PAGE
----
The U.S. flew in with confidence, but Europe arrived with a better golf game. And in the end, it wasn’t even close, as Europe’s 12 finest golfers knocked off a favored United States squad at Le Golf National to retake the Ryder Cup.
The U.S., under the direction of captain Jim Furyk, rolled into Paris with insanely, perhaps ridiculously high confidence. Justin Thomas, Dustin Johnson, Jordan Spieth and Brooks Koepka led the charge, and after Tiger Woods won the Tour Championship last Sunday, giddy U.S. fans started comparing this team to the 1992 Dream Team. Heck, Michael Jordan was even on the grounds in Paris. What could go wrong?
Plenty, starting with the fact that the tournament was in Paris. The U.S. hadn’t won the cup on foreign soil in a quarter-century. Blame jet lag, blame hostile crowds, blame the course setup, blame French food … whatever excuse you want to use, the simple fact is that as vicious as the U.S. is on friendly fairways, the Americans flail when they cross the Atlantic.
It all started well enough; the U.S. won the first three matches on Friday, led by Dustin Johnson and Rickie Fowler’s 4&2 walloping of a listless Rory McIlroy and an overmatched Thorbjorn Olesen. But the final match of Friday morning proved to be an omen, as Francesco Molinari and Tommy Fleetwood thrashed would-be alpha dogs Tiger Woods and Patrick Reed. After one session, the United States led 3 to 1; it would be the last good moment for the Americans.
The Friday afternoon foursome session was an absolute beatdown. Every European team won, and only one match even reached the 16th hole. Fleetwood and Molinari continued their domination, and Ryder Cup vet Sergio Garcia and rookie Alex Noren were a revelation. Meanwhile, Phil Mickelson and Bryson DeChambeau looked utterly lost, and they weren’t alone. Europe flipped the entire script, leading the tournament 5 to 3 heading into the second day.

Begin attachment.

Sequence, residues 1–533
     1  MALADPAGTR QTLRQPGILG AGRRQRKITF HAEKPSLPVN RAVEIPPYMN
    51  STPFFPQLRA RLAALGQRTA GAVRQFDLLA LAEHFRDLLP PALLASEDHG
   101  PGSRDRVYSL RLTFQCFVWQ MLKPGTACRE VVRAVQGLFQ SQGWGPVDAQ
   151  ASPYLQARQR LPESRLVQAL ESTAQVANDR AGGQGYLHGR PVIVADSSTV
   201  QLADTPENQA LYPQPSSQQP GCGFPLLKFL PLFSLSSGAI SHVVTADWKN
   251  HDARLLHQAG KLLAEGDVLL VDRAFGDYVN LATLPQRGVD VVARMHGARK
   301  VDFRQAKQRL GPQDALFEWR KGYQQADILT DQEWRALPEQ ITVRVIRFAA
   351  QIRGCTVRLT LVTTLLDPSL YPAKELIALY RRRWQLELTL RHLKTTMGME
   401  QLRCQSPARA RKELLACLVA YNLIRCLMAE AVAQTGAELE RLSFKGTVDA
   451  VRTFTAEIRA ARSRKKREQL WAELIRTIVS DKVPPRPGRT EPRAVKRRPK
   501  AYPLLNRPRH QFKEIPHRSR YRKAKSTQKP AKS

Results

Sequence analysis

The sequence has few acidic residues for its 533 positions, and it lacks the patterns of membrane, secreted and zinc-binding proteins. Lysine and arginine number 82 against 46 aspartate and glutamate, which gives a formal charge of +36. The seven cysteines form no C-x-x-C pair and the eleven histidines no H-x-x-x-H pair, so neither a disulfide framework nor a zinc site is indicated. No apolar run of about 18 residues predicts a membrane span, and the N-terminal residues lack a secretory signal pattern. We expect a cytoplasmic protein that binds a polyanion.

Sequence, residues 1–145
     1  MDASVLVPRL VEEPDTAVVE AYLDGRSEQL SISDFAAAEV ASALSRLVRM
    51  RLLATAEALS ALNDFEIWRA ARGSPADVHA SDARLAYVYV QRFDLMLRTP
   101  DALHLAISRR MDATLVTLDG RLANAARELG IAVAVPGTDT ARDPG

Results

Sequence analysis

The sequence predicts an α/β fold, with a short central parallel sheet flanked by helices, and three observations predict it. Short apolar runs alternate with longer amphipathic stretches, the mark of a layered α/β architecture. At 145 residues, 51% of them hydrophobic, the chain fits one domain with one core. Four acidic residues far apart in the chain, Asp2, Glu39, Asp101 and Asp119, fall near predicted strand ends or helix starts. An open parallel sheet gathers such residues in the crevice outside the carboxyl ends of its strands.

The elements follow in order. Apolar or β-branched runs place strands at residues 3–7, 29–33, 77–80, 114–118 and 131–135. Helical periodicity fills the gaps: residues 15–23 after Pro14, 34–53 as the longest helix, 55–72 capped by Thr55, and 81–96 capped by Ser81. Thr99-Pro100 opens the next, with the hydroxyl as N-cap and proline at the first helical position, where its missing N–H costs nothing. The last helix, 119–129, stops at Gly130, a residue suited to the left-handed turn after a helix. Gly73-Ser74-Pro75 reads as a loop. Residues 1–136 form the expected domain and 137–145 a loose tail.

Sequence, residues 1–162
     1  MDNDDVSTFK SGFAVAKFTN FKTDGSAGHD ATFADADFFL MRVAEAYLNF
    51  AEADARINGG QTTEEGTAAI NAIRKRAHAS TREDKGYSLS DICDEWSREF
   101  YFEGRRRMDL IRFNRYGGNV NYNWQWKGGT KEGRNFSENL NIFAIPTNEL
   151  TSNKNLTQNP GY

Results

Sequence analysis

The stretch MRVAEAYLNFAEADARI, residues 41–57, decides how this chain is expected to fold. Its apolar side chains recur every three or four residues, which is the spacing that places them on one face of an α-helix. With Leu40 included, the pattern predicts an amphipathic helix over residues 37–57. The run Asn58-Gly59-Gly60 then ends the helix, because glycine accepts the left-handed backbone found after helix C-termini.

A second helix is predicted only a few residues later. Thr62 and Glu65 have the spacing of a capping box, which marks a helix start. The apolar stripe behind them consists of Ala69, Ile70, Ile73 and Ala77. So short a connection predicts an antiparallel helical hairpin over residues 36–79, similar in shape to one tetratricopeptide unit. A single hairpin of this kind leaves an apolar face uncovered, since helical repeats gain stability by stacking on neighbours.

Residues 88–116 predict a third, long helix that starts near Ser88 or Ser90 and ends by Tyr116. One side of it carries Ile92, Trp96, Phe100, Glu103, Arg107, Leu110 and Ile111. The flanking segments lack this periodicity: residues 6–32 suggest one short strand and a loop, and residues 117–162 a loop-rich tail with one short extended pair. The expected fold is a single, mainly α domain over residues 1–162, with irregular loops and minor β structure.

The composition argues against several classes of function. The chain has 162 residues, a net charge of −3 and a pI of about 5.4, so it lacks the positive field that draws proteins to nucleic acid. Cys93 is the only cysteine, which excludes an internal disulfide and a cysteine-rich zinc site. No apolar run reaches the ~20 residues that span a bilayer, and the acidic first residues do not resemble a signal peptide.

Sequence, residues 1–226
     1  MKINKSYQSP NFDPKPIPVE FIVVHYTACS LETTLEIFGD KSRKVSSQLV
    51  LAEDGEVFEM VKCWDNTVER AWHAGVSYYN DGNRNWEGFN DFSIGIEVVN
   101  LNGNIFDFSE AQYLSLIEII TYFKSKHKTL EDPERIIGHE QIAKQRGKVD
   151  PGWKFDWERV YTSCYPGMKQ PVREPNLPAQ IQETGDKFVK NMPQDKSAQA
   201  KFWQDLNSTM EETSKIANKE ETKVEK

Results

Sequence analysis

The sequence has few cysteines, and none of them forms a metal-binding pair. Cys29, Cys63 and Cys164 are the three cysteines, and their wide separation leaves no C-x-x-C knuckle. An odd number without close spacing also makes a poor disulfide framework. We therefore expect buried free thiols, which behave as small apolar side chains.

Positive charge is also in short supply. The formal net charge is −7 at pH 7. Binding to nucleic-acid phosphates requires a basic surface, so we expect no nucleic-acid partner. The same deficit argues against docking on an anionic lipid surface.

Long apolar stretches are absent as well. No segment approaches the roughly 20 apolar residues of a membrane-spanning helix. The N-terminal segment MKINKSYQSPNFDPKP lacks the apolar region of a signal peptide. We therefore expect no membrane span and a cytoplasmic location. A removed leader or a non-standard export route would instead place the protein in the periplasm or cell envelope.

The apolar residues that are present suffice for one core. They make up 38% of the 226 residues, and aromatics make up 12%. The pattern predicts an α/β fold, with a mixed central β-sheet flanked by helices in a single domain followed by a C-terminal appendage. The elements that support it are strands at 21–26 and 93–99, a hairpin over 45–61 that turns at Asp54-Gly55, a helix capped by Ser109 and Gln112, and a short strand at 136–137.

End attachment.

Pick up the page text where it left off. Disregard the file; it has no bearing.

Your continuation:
The woes for the Americans continued on Saturday morning, as Europe won the first three fourball matches for a run of eight in a row. Molinari and Fleetwood once again dusted Woods and Reed, and McIlroy, paired with Garcia, once again rediscovered his stroke. Only Spieth and Thomas, one of the USA’s few bright spots on the team front, stopped the bleeding to keep the final score at 8 to 4.
Saturday afternoon represented the last chance for the Americans to set themselves up for a Sunday stretch, and all the Americans could do was hold serve. They split the afternoon foursomes matches, with Molinari and Fleetwood winning their fourth match overall and their third over Woods. Thomas and Spieth once again won for the United States, and Webb Simpson and Bubba Watson provided an unexpected spark. Still, as the day ended, Europe led 10-6, and the singles matches loomed large.
Only two teams had ever come back from a 10-6 deficit in Ryder Cup history, so the United States was aware of the challenge it had ahead during the Sunday singles matches. Thomas began the scoring on Sunday by edging McIlroy on the 18th hole. Koepka and Casey halved their match, and both Webb Simpson and Tony Finau won theirs to draw the U.S. ever closer.
But Europe held strong. Olesen absolutely throttled Spieth, who fell to 0-6 in singles play across the Ryder and Presidents cups. Jon Rahm knocked off Woods, who never appeared to connect at all this week. Poulter, the most vocal Ryder Cup player in a generation, backed up his talk by knocking off world No. 1 Johnson on the 17th green. Further back on the course, Europeans pushed American players to the edge, unofficially clinching the victory when Mickelson missed a putt on 15. Mickelson conceded on the next hole, and the Ryder Cup belonged to Europe again.
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